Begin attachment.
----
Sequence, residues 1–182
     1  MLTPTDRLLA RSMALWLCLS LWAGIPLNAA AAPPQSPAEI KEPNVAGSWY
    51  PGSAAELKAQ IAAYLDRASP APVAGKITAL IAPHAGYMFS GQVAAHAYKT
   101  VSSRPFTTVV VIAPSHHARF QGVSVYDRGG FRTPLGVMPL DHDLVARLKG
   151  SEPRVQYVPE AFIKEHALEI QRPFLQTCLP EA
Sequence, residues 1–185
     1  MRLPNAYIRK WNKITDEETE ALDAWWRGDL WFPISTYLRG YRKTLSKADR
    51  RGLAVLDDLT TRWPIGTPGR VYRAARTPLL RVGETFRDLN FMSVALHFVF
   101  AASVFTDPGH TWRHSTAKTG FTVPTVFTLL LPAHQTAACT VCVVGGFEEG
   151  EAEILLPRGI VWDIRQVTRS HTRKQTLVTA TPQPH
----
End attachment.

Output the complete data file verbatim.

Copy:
Sequence, residues 1–182
     1  MLTPTDRLLA RSMALWLCLS LWAGIPLNAA AAPPQSPAEI KEPNVAGSWY
    51  PGSAAELKAQ IAAYLDRASP APVAGKITAL IAPHAGYMFS GQVAAHAYKT
   101  VSSRPFTTVV VIAPSHHARF QGVSVYDRGG FRTPLGVMPL DHDLVARLKG
   151  SEPRVQYVPE AFIKEHALEI QRPFLQTCLP EA
Sequence, residues 1–185
     1  MRLPNAYIRK WNKITDEETE ALDAWWRGDL WFPISTYLRG YRKTLSKADR
    51  RGLAVLDDLT TRWPIGTPGR VYRAARTPLL RVGETFRDLN FMSVALHFVF
   101  AASVFTDPGH TWRHSTAKTG FTVPTVFTLL LPAHQTAACT VCVVGGFEEG
   151  EAEILLPRGI VWDIRQVTRS HTRKQTLVTA TPQPH